Tony Grist (poliphilo) wrote,
Tony Grist
poliphilo

Matters Arising

1. Carl changed the bathroom light. And without bringing down the ceiling. Well done, Carl- and thankyou!

2. Am I any less well-informed about current affairs now I've stopped reading the papers? I don't think so. I still get the headline stories from radio and TV. All I've done is filter out the surrounding buzz .

3. I was watching a programme about the history of mathematics last night. Mathematicians peak early. And most of them seem to do their greatest work in their early 20s. Ailz and I were discussing why this should be- and she suggested it was because their brains weren't yet cluttered up with all that human stuff that comes with maturity. I think she's right. Artists and writers, on the other hand, need that stuff- it's their raw material- and mostly they don't peak until middle age.  Also they need time to refine their craft.  Musicians have a foot in both camps. Great musicians peak early (mastering a keyboard is a lot like mastering numbers) but then- like Mozart or Beethoven- add human depth to technical expertise. So what about old age? That's difficult, because the data is sparse- few of the geniuses of the past ever got that far.  Mathematicians and scientists become mentors, writers lose their edge, musicians too. Only the painters- Titian, Goya, Turner, Monet, Picasso- perhaps because their craft is so visceral, so babyish- all that spreading around of coloured muck- go on producing masterpieces into the seventh, eighth, even ninth decade.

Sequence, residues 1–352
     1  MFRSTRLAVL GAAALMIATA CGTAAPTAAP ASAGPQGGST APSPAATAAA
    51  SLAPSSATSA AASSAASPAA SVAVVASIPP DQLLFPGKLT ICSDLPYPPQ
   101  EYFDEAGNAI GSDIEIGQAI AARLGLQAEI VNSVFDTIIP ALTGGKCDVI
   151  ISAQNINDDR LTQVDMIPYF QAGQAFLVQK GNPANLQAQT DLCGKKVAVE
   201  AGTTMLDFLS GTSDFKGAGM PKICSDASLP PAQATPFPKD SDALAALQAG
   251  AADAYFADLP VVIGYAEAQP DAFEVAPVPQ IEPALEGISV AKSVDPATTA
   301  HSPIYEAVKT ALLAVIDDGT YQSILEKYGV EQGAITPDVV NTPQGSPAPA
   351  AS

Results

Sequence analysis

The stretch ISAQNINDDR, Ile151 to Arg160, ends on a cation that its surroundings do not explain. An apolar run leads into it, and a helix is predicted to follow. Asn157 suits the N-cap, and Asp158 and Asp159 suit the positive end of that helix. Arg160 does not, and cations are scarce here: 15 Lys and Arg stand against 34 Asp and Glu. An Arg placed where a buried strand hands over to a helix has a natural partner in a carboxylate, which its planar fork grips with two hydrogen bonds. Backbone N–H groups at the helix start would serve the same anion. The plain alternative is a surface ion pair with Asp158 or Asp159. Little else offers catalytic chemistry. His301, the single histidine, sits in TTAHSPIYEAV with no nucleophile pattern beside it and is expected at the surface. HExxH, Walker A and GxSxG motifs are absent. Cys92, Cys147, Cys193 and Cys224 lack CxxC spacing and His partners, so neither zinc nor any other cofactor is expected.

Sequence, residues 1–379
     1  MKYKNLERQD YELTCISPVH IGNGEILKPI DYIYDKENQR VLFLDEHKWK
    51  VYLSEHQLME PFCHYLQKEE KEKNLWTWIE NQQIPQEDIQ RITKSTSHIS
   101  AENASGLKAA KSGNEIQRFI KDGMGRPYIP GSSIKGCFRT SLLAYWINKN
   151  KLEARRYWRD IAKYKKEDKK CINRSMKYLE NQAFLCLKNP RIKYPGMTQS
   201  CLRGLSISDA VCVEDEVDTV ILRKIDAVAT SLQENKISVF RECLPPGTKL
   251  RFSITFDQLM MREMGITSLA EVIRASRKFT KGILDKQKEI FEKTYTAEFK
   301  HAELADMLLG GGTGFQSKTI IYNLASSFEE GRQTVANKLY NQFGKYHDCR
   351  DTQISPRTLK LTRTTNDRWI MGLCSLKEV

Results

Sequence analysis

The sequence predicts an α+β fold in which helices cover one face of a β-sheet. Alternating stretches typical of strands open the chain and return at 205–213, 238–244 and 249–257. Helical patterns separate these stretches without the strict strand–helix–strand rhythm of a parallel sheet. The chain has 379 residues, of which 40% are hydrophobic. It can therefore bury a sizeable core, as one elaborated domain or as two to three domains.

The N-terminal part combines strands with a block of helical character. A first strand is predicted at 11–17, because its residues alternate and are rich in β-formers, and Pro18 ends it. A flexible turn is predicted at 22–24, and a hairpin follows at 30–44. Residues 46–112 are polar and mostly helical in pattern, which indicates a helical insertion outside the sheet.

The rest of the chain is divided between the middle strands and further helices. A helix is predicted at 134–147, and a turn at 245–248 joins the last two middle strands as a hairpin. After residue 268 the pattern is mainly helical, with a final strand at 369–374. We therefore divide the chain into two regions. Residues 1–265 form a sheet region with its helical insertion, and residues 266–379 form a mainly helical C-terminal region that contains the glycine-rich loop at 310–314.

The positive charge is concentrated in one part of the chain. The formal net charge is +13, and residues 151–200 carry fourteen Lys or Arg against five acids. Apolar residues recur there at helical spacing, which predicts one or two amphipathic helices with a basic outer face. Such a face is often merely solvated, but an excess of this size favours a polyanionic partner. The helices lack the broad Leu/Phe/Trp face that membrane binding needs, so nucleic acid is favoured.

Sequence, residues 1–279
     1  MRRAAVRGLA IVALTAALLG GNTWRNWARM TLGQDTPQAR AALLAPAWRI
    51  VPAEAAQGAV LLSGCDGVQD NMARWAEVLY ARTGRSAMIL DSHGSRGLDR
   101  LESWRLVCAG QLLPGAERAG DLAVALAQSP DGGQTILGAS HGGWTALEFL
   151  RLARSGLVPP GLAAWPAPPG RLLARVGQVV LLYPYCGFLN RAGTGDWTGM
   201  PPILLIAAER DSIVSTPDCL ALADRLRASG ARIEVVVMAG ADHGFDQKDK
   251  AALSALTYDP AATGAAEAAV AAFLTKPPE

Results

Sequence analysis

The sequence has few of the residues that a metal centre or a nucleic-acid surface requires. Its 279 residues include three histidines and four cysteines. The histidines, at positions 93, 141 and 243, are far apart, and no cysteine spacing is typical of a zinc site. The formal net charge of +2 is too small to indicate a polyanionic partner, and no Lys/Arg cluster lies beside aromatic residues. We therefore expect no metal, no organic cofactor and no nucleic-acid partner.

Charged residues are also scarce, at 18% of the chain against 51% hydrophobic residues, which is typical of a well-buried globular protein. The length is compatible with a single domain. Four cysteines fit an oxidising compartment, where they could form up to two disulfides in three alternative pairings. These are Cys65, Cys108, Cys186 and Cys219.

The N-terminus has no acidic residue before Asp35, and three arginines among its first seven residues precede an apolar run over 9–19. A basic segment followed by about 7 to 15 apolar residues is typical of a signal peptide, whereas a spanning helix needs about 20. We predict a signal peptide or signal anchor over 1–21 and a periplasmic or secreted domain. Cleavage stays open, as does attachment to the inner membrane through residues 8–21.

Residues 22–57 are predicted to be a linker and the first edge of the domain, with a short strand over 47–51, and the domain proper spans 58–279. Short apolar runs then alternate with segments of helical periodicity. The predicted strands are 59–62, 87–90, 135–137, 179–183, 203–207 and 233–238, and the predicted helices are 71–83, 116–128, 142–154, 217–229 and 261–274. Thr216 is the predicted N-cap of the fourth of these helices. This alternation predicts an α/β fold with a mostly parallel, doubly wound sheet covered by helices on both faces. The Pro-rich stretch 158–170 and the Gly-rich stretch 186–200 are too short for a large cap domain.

4. Contemporary Archaeology has an article about hill figures- those huge icons carved out of the turf of- most famously- the chalk downlands of Southern England.  Most of them are modern- and have well-documented origins in the 18th, 19th and 20th centuries. Those that remain, those that are unaccounted for, can now be dated by a technique known as  bio-luminescence. Consequently we now know that the Uffington White Horse- the most elegant of them, the only one it isn't a little foolish to call a work of art- is 3,000 years old while The Long Man of Wilmington- the guy with the two staves- is 16th century. As yet untested is the Cerne Abbas Giant, the guy with the club and the club.  Documentary evidence suggests he's 17th century- possibly intended as a satire on Oliver Cromwell, but until we bioluminesce him we won't know for sure.

File:Uffington.png

The Uffington White Horse
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